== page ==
I would expect this to be pronounced "de l'onze septembre," despite being written with du instead of de l'.
Is that correct? Is it only written this way because it's written with numerals?
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It is always correct not to elide the word preceding both cardinals and ordinals in French so you can take it as a rule without risk.
Le un et le deux sont sortis au loto, à la une du journal, le huit de cœur, le train de onze heures; c'est le huitième jour, la onzième de la classe, pour la énième fois.
Elided form might sometimes be observed but only to match (lazy) spoken French, :
l'huit de cœur, le train d'onze heures, l'huitième jour, l'onzième de la classe, pour l'enième fois.
L'unet le deux sont sortis au loto, à l'unedu journal.
This doesn't apply to un and une when used as an article. In the opposite the elision is mandatory in that case, eg:
L'un et l'autre. L'une ou l'autre.
This leads to both of these acceptable forms:
Une pièce d'un Euro.
Une pièce de un Euro.
There are no elisions with Onze when used in dates even in spoken French, so it is always:
du onze septembre
Apart from numbers:
Note that de le might appear when le is a pronoun like in (thanks to Aerovistae to point it):
Il me demande de le rencontrer.
De le or de les are sometimes used for humorous purpose like in:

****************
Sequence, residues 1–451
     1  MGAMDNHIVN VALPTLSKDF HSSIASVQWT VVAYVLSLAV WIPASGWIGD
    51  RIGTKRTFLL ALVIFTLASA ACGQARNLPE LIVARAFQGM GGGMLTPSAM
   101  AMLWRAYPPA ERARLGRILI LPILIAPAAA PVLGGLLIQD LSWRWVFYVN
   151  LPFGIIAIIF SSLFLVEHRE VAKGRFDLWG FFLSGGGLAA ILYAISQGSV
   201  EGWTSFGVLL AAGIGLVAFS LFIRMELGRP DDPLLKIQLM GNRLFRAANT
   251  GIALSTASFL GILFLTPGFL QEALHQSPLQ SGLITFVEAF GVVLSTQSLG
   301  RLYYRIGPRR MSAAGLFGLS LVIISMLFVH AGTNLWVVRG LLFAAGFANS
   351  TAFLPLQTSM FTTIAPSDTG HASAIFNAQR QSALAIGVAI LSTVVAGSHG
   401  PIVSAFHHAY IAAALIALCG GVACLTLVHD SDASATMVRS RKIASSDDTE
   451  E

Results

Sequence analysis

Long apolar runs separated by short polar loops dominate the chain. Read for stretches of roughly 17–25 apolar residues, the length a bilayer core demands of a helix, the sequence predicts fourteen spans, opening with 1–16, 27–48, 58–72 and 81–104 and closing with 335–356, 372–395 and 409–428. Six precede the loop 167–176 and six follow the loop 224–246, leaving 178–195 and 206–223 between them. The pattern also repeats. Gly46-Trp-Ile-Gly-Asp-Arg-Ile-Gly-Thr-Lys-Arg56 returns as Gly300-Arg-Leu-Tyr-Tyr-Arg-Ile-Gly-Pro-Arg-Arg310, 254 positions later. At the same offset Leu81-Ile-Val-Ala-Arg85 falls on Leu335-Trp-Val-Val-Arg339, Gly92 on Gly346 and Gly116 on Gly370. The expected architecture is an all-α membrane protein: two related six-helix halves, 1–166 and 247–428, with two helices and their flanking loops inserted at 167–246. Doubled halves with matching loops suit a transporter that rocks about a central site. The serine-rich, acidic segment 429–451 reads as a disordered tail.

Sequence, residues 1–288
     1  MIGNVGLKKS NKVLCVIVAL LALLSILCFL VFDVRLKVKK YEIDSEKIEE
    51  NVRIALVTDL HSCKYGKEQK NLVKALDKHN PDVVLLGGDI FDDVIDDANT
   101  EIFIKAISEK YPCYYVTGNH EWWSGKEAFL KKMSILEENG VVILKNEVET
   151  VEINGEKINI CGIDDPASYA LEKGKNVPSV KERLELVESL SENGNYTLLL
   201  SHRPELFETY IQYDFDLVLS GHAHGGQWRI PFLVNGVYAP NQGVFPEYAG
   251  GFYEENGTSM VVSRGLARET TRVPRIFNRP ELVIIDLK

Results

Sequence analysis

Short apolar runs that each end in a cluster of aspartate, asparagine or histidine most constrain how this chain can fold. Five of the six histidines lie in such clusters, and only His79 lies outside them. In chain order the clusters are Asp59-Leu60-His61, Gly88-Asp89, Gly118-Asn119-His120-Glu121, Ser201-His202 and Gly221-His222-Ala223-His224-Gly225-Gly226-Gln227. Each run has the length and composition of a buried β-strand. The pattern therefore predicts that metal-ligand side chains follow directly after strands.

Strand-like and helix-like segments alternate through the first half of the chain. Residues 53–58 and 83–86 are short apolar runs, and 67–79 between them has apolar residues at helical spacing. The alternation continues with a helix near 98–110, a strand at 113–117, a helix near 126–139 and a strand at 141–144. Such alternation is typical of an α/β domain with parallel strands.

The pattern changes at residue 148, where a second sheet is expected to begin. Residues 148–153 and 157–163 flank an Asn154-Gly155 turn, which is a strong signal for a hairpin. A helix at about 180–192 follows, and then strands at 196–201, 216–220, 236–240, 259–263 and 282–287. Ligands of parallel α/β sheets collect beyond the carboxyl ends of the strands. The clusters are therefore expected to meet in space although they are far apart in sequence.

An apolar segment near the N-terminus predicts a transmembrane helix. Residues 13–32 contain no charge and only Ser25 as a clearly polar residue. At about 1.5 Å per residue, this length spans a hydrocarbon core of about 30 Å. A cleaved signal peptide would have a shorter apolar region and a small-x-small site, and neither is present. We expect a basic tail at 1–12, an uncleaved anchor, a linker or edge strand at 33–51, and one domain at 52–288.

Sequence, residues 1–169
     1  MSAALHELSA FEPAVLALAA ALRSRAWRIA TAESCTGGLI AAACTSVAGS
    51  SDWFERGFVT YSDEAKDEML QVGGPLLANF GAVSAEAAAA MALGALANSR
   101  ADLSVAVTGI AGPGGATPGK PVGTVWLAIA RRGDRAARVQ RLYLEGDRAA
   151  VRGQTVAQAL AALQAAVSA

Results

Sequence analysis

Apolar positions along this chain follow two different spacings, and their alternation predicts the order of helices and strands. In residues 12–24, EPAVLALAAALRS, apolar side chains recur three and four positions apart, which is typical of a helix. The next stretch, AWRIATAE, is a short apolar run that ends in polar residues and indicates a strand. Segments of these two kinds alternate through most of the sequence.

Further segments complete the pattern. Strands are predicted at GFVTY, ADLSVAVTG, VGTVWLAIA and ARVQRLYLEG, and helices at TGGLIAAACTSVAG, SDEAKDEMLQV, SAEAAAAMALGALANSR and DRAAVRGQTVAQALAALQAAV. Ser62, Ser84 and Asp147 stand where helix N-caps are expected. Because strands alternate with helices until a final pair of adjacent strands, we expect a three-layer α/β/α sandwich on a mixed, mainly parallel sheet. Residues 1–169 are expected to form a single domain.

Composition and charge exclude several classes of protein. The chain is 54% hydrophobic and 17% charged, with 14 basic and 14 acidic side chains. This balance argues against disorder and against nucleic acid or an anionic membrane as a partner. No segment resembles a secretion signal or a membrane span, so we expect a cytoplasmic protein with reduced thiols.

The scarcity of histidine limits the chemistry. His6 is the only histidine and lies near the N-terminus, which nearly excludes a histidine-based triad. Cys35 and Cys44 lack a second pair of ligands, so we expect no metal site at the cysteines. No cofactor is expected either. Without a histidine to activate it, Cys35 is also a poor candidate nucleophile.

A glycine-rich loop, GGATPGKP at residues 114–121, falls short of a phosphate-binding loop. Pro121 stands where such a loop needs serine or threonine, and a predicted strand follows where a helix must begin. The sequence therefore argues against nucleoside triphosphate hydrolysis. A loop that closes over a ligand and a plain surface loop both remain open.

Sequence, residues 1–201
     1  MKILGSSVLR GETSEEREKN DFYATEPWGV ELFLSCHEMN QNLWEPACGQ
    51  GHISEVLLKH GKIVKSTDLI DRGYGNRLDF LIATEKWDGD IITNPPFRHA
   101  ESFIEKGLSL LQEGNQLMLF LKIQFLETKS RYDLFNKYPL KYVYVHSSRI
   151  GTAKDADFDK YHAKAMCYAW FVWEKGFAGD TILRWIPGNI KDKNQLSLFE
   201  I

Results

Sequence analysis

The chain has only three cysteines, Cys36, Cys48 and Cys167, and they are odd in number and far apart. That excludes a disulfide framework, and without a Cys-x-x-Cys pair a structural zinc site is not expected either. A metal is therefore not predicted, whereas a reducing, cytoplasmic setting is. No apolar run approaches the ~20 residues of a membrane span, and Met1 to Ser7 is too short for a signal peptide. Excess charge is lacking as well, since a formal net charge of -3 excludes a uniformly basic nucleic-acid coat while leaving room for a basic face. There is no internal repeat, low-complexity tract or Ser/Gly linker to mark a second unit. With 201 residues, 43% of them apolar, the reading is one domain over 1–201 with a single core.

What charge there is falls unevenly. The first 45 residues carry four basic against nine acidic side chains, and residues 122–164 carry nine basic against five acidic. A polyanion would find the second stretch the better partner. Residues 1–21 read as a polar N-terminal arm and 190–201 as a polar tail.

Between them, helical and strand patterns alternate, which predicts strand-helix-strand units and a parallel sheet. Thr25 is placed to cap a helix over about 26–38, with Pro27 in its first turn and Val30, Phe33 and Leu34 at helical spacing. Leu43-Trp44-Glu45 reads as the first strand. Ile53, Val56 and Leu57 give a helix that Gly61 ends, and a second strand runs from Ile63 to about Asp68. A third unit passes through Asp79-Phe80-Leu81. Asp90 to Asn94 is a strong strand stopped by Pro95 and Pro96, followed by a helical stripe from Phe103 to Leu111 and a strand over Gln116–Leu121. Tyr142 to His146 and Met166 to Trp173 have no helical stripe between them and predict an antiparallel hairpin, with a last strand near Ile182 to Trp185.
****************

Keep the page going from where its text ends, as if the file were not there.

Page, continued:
It is also sometimes used by mistake before proper nouns while elision should be used:
La gare du Mans, like "Les 24 heures du Mans".
“Onze” is a weird word. You generally don’t elide the word that precedes it, as if it started with an aspirated h. Thus, you don’t say “*
l’onze septembre” but “le onze septembre”, and you both write and pronounce:
du onze septembre
Because otherwise French would be no fun, there are of course exceptions to the “don’t elide in front of ’onze’” rule. You can (but do not have too) elide “de” and “que” in front of it. All the following sentences are correct.
Il est près d’onze heures.
Il est près de onze heures.
Nous ne serons finalement qu’onze à table ce soir.
Nous ne serons finalement que onze à table ce soir.
Allow me to object or to complete some propositions above.
"Une pièce de un euro", though this can be heard, is surely a fault ("d'un euro" is correct).
Besides, the precision about proper names is uncomplete. Although you can't say :
"la gare de Le Mans", (correct form is "la gare du Mans")
still you must say:
"La déclaration de Le Pen" and not "La déclaration du Pen" :
The rule is that proper names with the article "Le" must be contracted in "du" for places, but not for persons.
"L'un" when "un" is a number and not an article, can effectively not be said, but you should have precised that "un", in that case, is replaced by "as", which is a synonym of "un" precisely made for this very case. (though most people have recently forgotten the precise meaning of "l'as", thinking it means "the best one": In fact, "l'as" doesn't mean "the best one", but precisely "the number one", so you must say: "l'as et le deux sont sortis au loto", and not "le un et le deux", which is a fault, though often you can hear it.